architecture. The new Microsoft architecture
is vastly different than that found on legacy
platforms. The good news is that you will be able
to bring your existing mobile applications along,
but they will have to be rewritten to support
the new architecture and you will need to rearchitect applications to run on forthcoming
Microsoft-enabled mobile devices.
Legacy Microsoft
mobile devices
have a very short
lifespan. So what
are the mobile
OS options going
Couple the need for consumer adoption with
the lack of updates and limited support for
Windows Mobile and Windows CE and one thing
is certain: Legacy Microsoft mobile devices have
a very short lifespan. So what are the mobile OS
options going forward?
20 1 9
Windows Embedded Handheld (WEH) 6.5
Extended support and security patches
until the beginning of 2020
Windows Embedded Compact (WEC) 7
Supported until Q1 2021
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The Android Opportunity
Google Android
OS global
market share
Android devices
available from
22 manufacturers
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Google Android OS is gaining ground with
IDC reporting the OS has 83% of the global
consumer market share. Currently, there are
over 74 enterprise Android devices available
from 22 manufacturers and that includes an
additional 40 products that have come to market
within the past year. There’s good reason for
its success: it’s open, flexible, compatible with
Microsoft and it offers the kind of control IT
The Android architecture is similar to the
previous Microsoft Windows Mobile OS.
Android can work within an existing Microsoft
infrastructure. The platform supports popular
Microsoft products such as Workplace Join,
Intune, Outlook, Azure Mobile Services, Office
and Office 365, OneDrive, and Cortana. It can
sync Google applications and Outlook. In fact,
developers can create Android applications in
Visual Studio.
There are four essential flavors of Android OS
to consider. The fact that there are so many
options shows that it’s flexible enough to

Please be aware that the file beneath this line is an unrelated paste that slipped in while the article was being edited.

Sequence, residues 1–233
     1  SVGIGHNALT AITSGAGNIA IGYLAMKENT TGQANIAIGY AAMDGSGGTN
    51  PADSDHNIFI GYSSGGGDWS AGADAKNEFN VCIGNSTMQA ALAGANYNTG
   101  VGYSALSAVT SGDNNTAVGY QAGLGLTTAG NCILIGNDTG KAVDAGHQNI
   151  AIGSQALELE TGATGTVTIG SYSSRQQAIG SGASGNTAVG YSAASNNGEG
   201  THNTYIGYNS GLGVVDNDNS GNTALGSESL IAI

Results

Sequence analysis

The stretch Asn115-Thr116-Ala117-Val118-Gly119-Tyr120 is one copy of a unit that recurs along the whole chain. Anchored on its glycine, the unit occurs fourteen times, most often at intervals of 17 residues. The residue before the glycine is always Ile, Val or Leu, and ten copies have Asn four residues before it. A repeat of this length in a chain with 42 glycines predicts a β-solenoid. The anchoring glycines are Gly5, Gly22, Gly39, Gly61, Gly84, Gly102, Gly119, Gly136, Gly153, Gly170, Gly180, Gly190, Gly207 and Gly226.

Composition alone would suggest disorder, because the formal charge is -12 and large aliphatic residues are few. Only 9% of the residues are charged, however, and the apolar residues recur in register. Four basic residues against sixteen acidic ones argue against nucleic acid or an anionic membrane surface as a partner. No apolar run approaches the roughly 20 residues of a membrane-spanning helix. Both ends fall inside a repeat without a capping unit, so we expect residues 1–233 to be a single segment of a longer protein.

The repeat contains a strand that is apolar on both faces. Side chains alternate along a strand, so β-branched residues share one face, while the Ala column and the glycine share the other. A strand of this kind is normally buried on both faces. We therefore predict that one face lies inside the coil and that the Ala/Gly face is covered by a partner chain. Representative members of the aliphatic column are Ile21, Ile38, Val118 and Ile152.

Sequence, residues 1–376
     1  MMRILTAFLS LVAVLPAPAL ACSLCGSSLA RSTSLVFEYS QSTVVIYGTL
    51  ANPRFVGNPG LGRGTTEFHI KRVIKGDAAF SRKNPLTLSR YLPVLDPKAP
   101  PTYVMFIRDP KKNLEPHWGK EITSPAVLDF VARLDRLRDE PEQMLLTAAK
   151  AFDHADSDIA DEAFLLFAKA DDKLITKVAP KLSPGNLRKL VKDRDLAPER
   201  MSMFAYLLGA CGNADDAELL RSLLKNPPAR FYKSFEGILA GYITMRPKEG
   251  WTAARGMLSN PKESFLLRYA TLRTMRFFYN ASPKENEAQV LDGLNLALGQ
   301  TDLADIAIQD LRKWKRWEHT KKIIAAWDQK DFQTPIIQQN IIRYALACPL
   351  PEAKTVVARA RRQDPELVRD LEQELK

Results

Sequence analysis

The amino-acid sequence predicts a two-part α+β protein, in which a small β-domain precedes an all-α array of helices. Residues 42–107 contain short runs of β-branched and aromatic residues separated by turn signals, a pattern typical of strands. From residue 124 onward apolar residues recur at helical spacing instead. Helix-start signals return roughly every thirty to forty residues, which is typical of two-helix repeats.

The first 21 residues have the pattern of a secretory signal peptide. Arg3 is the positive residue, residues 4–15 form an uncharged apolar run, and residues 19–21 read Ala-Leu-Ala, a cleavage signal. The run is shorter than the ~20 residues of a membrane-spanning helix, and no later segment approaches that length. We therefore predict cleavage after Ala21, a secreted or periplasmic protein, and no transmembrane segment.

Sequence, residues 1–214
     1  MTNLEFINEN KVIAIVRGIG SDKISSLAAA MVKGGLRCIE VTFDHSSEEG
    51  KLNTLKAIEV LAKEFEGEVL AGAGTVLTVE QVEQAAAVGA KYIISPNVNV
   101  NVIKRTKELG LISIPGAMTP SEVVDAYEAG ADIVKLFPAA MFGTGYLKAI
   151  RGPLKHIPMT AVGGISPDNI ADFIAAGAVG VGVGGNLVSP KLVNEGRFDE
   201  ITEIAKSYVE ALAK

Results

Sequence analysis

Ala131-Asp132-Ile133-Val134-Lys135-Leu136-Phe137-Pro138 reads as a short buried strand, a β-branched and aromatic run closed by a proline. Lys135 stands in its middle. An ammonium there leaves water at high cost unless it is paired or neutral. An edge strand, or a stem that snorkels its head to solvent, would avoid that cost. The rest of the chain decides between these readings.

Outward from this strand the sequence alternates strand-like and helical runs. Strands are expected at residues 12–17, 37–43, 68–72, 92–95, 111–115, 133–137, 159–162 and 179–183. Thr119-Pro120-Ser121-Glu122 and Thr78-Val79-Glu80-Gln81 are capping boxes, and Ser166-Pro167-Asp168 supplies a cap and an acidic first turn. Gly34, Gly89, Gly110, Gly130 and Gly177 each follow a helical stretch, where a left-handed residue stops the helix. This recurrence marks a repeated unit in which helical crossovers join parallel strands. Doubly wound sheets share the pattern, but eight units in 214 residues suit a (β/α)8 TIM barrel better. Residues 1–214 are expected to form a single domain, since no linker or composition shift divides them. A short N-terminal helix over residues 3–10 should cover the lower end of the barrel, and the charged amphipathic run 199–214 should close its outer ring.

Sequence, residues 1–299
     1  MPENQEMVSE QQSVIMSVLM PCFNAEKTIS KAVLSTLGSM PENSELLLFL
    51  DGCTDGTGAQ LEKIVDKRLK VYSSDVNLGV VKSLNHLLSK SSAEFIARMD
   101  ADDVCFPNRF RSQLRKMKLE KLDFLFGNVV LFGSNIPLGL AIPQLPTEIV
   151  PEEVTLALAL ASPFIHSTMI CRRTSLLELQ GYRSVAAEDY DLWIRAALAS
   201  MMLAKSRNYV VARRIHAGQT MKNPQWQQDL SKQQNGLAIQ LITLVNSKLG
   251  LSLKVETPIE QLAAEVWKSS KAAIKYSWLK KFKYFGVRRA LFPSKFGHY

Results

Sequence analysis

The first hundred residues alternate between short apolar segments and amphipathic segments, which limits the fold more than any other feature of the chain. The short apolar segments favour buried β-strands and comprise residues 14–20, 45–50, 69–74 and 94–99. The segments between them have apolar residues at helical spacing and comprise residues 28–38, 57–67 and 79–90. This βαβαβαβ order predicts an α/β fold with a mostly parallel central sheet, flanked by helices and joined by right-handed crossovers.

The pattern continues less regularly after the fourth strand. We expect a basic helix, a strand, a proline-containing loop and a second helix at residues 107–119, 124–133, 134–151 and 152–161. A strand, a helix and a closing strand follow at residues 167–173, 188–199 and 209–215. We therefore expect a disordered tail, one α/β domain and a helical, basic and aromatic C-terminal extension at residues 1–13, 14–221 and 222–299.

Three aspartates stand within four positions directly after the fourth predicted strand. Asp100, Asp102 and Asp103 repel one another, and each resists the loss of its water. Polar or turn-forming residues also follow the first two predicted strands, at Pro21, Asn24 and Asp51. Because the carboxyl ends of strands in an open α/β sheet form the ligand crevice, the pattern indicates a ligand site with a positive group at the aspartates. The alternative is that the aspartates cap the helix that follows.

customize the OS to meet your specific needs
with the level of security required to safeguard
your enterprise data and devices.
Google Mobile Services (GMS). GMS is a
consumer-centric solution. It’s comprised of a
set of popular Google applications and cloudbased services that are available through a
license with Google. You can install corporate
applications on the devices. GMS includes
access to the Google Play Store and other
services where data is shared back and forth
with Google. This makes GMS potentially
vulnerable to security issues. So if you’re looking
for a solution where you ultimately control the
device, the GMS option may not be the right fit
for your organization.
Android Open Source Project (AOSP). AOSP is
a slimmed down version of Android and can be
customized for specific device requirements. It’s
still the Android OS, but it doesn’t have Google
services that require the device to call Google or
provide location information.
Android for Work. Recently introduced by
Google, Android for Work incorporates aspects
from both Google Mobile Services and AOSP.
It incorporates Google Play for Work, which
is essentially an enterprise app store. With
Google Play, organizations can access a private
app store and decide which applications are
approved for use on their devices. With Android
for Work, you can:
• Push applications to devices from the store
• Choose if the application resides in the cloud or on the device
• Handle bulk application provisioning and licensing
• Gather user ratings and feedback
Since Android for Work is part of Google Mobile
Services, data is shared back and forth with
Google which may pose security concerns to
astute IT professionals.
Android for Work provides managed profiles,
a feature also found in AOSP. With this feature,
users can carry one device with two separate
profiles: one for work and one for personal
use. Applications have a badge signifying
work or personal. The data used is entirely
independent for each profile. Android for Work
is geared specifically for organizations that allow
employees to use their personal device for work.
Android for Work also offers a second managed
profile option called Corporately Owned Single
User (COSU). COSU is ideally suited for kiosks